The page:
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Weeds Are NOT the Problem!

By   /  June 27, 2016  /  3 Comments

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In the last few weeks I have attended a couple of field day, farm tour type of affairs. To my knowledge none of them were sponsored by any of the chemical companies directly, but listening to the folks putting on these things you could very easily believe were in the employ of these companies.

Plants in potsAt one of the stops there was a weed identification program. There were a bunch of those black plastic buckets that you buy plants in at the nursery these folks with a different weed in each one. Each weed was presented to the attendees so that they could see it and hopefully learn its name. The old boy doing the talking then preceded to tell us in no uncertain terms just what kind of chemical we could use to kill each of these weeds, when to use it and how to mix it. There were at least a couple dozen of the samples and this was done with each of them. There was never any mention of costs or how often this process would need to be repeated, but listening to the talk it seemed to be understood that if the weeds reappeared the process should be repeated. There was never any mention of management practices of the forages or the livestock. It seemed to be assumed that if the weed killing was done everything would just fall into place.

The methods used by most folks in the cow business have over the years proved to be no solution at all. I am quoting now from an article by Dave Pratt that I was really surprised to see in a cattle publication last week.

“NO ONE EVER WENT BROKE BECAUSE THEY HAD WEEDS. WEEDS AREN’T A PROBLEM, THEY ARE A SYMPTOM. THEY TELL US THERE IS SOMETHING OUT OF WHACK WITH OUR LAND. KILLING WEEDS WILL NOT PUT THINGS RIGHT”

I apologize for the caps but I did not want this point missed. Since Kathy Voth came to our place last year and taught us how to teach our cows to eat weeds our whole perspective has changed. Now when we walk into a paddock that does have weeds, and this is most of them, we do not see a problem. We see a resource that for years we failed to utilize.

Prices for our cattle are not what they have been for the last few years. This should give producers a reason to look at ways to cut costs without giving up production. Eliminating spraying may be one of those things that can be very helpful in reducing costs and we have learned that eating weeds can be very beneficial for the animals. It just may be that the difference between good management practices and input costs such as spraying will be the difference in a profit or a loss.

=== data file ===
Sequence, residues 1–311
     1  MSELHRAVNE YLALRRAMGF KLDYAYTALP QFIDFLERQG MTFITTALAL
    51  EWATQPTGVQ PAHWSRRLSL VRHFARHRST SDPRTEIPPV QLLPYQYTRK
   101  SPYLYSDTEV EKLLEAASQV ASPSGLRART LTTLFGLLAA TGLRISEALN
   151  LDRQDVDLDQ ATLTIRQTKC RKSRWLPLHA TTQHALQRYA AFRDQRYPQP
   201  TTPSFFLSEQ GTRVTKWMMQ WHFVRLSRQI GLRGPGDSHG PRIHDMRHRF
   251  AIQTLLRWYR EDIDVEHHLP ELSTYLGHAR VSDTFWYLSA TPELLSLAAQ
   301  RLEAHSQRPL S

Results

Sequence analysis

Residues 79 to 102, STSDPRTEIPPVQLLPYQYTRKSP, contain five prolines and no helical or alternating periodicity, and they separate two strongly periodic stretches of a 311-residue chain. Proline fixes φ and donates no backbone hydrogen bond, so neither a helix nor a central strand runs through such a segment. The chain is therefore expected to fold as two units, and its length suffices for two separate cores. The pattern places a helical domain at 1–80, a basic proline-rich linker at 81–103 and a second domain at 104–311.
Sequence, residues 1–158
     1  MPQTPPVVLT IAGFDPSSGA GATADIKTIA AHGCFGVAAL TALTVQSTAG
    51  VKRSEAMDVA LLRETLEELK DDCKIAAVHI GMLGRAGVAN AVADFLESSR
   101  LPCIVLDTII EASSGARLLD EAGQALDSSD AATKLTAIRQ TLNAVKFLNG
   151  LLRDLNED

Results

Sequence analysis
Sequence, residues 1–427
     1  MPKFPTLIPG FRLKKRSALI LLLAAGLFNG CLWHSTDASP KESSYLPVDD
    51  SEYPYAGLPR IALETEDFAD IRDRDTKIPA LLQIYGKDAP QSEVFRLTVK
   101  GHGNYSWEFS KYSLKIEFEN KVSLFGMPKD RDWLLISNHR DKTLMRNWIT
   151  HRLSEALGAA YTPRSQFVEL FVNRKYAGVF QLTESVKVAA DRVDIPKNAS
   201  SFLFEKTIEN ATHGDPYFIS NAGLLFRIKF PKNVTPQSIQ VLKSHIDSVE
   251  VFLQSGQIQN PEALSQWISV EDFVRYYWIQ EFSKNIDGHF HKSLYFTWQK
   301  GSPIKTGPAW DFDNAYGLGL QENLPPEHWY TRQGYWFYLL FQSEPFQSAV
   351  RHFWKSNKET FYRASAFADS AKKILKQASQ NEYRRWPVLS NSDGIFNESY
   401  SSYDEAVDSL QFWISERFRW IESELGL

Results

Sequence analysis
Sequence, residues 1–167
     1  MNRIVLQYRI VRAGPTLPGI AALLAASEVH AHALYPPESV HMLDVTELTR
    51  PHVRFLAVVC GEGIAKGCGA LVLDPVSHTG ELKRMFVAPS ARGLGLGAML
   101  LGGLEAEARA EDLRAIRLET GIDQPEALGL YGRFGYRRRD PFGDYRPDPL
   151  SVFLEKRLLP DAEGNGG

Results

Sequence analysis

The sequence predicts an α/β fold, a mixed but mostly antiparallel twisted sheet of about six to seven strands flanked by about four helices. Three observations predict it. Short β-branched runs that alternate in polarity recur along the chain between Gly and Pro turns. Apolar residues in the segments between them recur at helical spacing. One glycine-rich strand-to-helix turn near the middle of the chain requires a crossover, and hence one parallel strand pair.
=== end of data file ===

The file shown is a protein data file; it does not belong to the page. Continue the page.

And I am still somewhat confused, if all of this spraying of all this stuff works, why are there still weeds in these pastures?

Want more? Here’s Don’s article on training cows to eat weeds:

Teaching Cows to Eat Weeds – A Farmer’s Perspective

And here’s a bit about horse nettle for those of you wondering:

Louisiana Cows Eat Horsenettle

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About the author

My name is Don Ashford and my wife is Betty and we live in Ethel, LA. It would be impossible for me to write a bio about myself without including Betty in it. We have been together since high school. I was in the senior class of 1955 and she was in the class of 1957. Do the math. We have raised cattle since 1959 except for a little time that I spent with Uncle Sam. We have grazed stockers, owned several cow- calf herds and custom grazed cattle for other folks. I worked as a pipefitter for more than 25 years. Until we went into the dairy business in 1977 we were as most people down here part-timers or week-end ranchers. Later after we had learned enough about MIG to talk about it so that it would be understood by others we put together a pasture-walk group to introduce it to our friends and neighbors. We belong to more farm groups then we probably should but we get great joy working with other people. What makes us most proud are our son and daughter, our 5 grandkids and our 7 great-grand kids. It has been a hell of a trip so far, but we are not done yet.

3 Comments

  1. Susan Hagle says:

    I agree that just spraying all weeds is not a logical approach. Soil health, grazing management, plant diversity are first-line defenses. The stock eating some of the weeds has also been a great tool. But at the end of the day, there are still some weed situations that are only addressed by spraying those species for which there is not an workable alternative. Sweetbriar rose and Himalayan blackberry are two examples in our area. They have laid to waste vast acreages that had good soil, good perennial cover, and good grazing management. I taught my cattle to eat them too, but they can’t keep up with these aggressive invaders. Where mowing is not an alternative, spot spraying is a necessary tool.

  2. Dave Pratt says:

    Don, I’m curious, what was the cattle publication that quoted Dave Pratt?

  3. Gene Schriefer says:

    Here in the north central region, if we can keep 30-50% stand of clover in the sward we may pick up 3000 lbs additional forage per acre between the clover and additional grass grown as a result of the extra nitrogen.

    If we zero tolerance and hate “weeds” so much and choose to spray we also kill the clover. we pay for the herbicide and application ~$12/acre. We would expect to apply 150 units of N to grow/replace the 3000 lbs of dry matter, ~$75/acre and then we’d have lower TDN forage without the clover in the hot summer months when the grass is lower in digestibility reducing our rate of gain.

    Having clover and other legumes is win-win-win. Pasture benefits, livestock benefit, soil benefit, insects benefit. When we spray, it’s lose-lose-lose. You spend money, you lose production and livestock don’t gain as well.

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